The parallels between mobile phones and cigarettes are on many planes.
We’d all agree that cell phones are addictive: Most of us feel pangs of some sort if we’re kept away from them for extended periods. But I’ve noticed that the similarities between these two objects of passionate desire are disturbingly broad-ranging. Here are ten.
First up is the most obvious: Cigarettes and phones are both addictive. Here’s a sober quote I found about this: “Cell phone dependency is now called compulsive communicating. Chain diallers call continually to get another fix.” One statistic — for what it’s worth — is from a survey commissioned by T-Mobile: “63% of smartphone users would climb through trash to find a lost phone.” That’s quite a bit like people on railway platforms looking for cigarette butts.
2. The Annoyance Factor
Smokers have long been a public nuisance, and for good reason: No-one likes smoke being blown in their faces. Cell phone users, on their part, have annoying ringtones, they talk loudly while ignoring others, and break the silence in movie theatres.
It’s all too familiar these days: A group of people are at a table, and every half minute, one person looks at his or her phone to check a message — and sometimes leaves the table. Smokers leave tables in pretty much the same way, though not as frequently — and usually in pairs or groups.
We’ve read a little too much recently about the dangers of electromagnetic radiation, which we needn’t repeat. But a month ago, the Italian Supreme Court ruled — not without controversy — that a man’s brain tumour was directly connected to his cell phone usage. And we needn’t mention the direct link between smoking and the dreaded C disease.
5. Brand Loyalty
Nokia fan. Marlboro Man. Fandroid. “I only smoke Camels.” We tend to attach some of our identity to our gadgets — and to the companies that make them. Much like smokers do with their brand.
6. Time Wasting
Most of us spend quite some useful time with our phones — and quite some useless time. The 10-a-day smoker spends about an hour and a half on his habit. In both cases, the user makes it look like he or she is doing something useful: If you stand and stare into space for five minutes at a stretch, you’ll easily hear people talking in whispers about your mental state. But if you stare at a phone doing nothing particularly useful — or if you smoke a cigarette — you’re OK.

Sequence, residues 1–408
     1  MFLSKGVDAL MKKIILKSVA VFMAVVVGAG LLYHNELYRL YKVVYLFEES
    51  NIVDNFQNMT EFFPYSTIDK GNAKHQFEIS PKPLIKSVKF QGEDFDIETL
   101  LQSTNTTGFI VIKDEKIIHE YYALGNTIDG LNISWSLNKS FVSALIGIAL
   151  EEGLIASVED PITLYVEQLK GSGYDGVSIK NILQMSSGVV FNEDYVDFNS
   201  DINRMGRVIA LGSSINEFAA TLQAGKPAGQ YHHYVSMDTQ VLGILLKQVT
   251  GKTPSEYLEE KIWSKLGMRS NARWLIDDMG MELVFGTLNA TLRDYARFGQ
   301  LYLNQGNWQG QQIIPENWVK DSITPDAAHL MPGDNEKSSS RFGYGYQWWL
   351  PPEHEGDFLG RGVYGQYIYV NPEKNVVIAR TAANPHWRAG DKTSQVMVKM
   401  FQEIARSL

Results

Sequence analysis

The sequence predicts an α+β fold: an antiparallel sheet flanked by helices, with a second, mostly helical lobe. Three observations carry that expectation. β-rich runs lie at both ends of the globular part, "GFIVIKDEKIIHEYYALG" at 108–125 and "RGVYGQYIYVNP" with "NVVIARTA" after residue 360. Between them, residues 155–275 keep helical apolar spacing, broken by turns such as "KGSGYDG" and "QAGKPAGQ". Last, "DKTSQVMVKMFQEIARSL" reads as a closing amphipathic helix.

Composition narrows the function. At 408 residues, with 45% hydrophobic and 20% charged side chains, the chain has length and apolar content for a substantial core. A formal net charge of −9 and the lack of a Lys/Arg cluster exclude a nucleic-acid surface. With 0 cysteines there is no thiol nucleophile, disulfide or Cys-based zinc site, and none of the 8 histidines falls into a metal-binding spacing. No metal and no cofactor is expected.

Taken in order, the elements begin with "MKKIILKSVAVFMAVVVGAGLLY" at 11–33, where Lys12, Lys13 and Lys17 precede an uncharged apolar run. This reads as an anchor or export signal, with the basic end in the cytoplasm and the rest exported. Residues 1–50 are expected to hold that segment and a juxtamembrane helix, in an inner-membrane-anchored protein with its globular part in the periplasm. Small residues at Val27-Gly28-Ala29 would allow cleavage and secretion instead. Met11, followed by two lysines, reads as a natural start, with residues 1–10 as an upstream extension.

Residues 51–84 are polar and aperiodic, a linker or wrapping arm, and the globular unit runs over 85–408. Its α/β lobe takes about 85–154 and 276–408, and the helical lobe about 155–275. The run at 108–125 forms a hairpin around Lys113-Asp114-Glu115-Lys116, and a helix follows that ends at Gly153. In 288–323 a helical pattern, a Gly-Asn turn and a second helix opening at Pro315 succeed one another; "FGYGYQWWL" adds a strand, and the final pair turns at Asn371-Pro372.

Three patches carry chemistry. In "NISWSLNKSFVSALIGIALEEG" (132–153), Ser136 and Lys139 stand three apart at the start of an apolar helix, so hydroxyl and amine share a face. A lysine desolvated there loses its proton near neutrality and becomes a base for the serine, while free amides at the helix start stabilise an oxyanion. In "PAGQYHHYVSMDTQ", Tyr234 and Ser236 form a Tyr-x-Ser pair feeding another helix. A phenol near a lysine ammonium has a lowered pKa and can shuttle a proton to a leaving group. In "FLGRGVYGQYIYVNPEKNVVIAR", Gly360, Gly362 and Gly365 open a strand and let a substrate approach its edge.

7. Restricted Areas
Cell use and cigarette smoking are both banned in two interestingly diverse areas: Airplanes, and (in some areas) petrol pumps. The connection between petrol and radiation is not clear, but it was once a widespread idea that you could blow up a petrol pump by using a phone there. With cigarettes, that’s a reality.
Also, the areas where smoking would be most obnoxious — theatres and plush restaurants — are also those where loud callers seem more obnoxious. And on planes, people pluck out their phones immediately upon landing — while the smokers pull out their similarly-sized cigarette packs.
8. Physical Schematic
A phone needs an external actuating element (the charger); so does a cigarette (a lighter). A phone is divided into a top part (screen) and lower part (keypad); a cigarette has the white tobacco area and the brown filter area. If this connection seems far stretched, consider this: You can charge your phone using your car’s cigarette-lighter adapter.
9. The “Running Out” Phenomenon
When someone’s battery is dying, the hunt for a charger and/or a charging point is pretty stiff. So is a smoker’s hunt for cigarettes when he reaches the last couple in his pack. The element of panic is similar.
10. Taglines and the Lifestyle Element
“Live life kingsize.” “Life. (M)powered.” “Connecting people.” “Made for eafuch other.” Which of these are phone company slogans and which are smokers’ lines?
Of course, there is a long list of dissimilarities — for example, a cell phone serves a useful purpose, which cigarettes don’t. But is there more to these parallels than just imagination? What’s your take? (While you’re at it, check out the cigarette box cell phone — but only if you’re an incurable smoker.)
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